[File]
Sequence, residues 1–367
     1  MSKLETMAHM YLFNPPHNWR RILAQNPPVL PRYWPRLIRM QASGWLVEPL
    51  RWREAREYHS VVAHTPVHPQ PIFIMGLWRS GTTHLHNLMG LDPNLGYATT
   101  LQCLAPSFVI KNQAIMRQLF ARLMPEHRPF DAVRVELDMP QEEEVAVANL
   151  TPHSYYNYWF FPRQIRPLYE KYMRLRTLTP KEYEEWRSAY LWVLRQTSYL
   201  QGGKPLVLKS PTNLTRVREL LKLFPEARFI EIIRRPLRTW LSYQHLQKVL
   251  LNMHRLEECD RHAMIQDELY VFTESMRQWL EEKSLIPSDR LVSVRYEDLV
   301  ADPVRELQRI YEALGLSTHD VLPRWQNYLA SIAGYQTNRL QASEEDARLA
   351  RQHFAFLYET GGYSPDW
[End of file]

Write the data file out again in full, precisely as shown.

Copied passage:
Sequence, residues 1–367
     1  MSKLETMAHM YLFNPPHNWR RILAQNPPVL PRYWPRLIRM QASGWLVEPL
    51  RWREAREYHS VVAHTPVHPQ PIFIMGLWRS GTTHLHNLMG LDPNLGYATT
   101  LQCLAPSFVI KNQAIMRQLF ARLMPEHRPF DAVRVELDMP QEEEVAVANL
   151  TPHSYYNYWF FPRQIRPLYE KYMRLRTLTP KEYEEWRSAY LWVLRQTSYL
   201  QGGKPLVLKS PTNLTRVREL LKLFPEARFI EIIRRPLRTW LSYQHLQKVL
   251  LNMHRLEECD RHAMIQDELY VFTESMRQWL EEKSLIPSDR LVSVRYEDLV
   301  ADPVRELQRI YEALGLSTHD VLPRWQNYLA SIAGYQTNRL QASEEDARLA
   351  RQHFAFLYET GGYSPDW